| Slow and sinking: Flooded Mumbai
Mumbai/Delhi, Sept. 22: Dalal Street went into a tailspin today as investors dumped stocks in panic sparked by a brushfire of rumours over tax raids on brokers and realtors.
The sensex swooned to 8221.64 at the end of a tense day, losing 265.5 points. It was the sharpest fall since the 564.71-point mayhem on May 17, 2004.
All frontline stocks sank as the nervousness over raids on realtors in Delhi and Gurgaon, and brokers in Ahmedabad strangled the bullish sentiment.
“It was nightmare on Dalal Street,” said Jagdish Malkani, a leading broker. A record Rs 97,000 crore of shareholder wealth evaporated in a day.
Heavyweights like ITC and Reliance, which had bucked yesterday’s decline, were badly mauled along with mid-cap and penny stocks.
“Share valuations were overstretched,” said Ramesh Damani, another prominent broker.
The government and market regulator Sebi scrambled to soothe frayed nerves by saying they had no evidence of market manipulation. They explained that the raids were part of routine investigations and weren’t nationwide.
They said the Prime Minister’s Office had not held talks on market volatility as reports had suggested.
Finance minister P. Chidambaram, away in New York, tried to quell fears, saying the capital market and banks were “well regulated”. Sebi chairman M. Damodaran, also in the US, said: “Investors should not be carried away by hype or day-to-day events.”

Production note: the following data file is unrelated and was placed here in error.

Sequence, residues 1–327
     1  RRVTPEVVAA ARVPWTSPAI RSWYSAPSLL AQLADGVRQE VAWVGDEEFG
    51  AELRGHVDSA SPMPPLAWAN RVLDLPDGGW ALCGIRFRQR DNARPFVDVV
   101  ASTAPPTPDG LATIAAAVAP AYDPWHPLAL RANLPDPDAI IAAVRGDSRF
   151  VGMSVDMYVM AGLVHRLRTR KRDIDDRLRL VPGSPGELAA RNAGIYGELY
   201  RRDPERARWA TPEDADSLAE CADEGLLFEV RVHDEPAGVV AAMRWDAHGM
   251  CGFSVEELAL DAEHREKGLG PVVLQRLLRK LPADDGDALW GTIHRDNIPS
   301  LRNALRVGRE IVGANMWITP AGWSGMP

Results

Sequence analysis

The market panicked on reports of investigation into hot money flows from overseas tax havens. There was talk of the IB probing political connections of the brokers who had made big gains on penny stocks.
But it was the tax raids 'with 300 sleuths hitting realtors and brokers ' that really set the nerves jangling.
In a press note issued later, the finance ministry said: “The searches were conducted at a few places in Gujarat as part of normal investigations carried out by the income-tax department.”
The ministry also denied that the visit by U.K. Sinha, joint secretary (capital markets), to Mumbai yesterday had anything to do with market investigation.
Where does the market go from here' Brokers like Malkani believe the heavyweights will bounce back as the economy and corporate earnings are robust.
But the Cassandras are back in business. Credit Lyonnais Securities Asia said it expected the sensex to tumble another 8 to 10 per cent.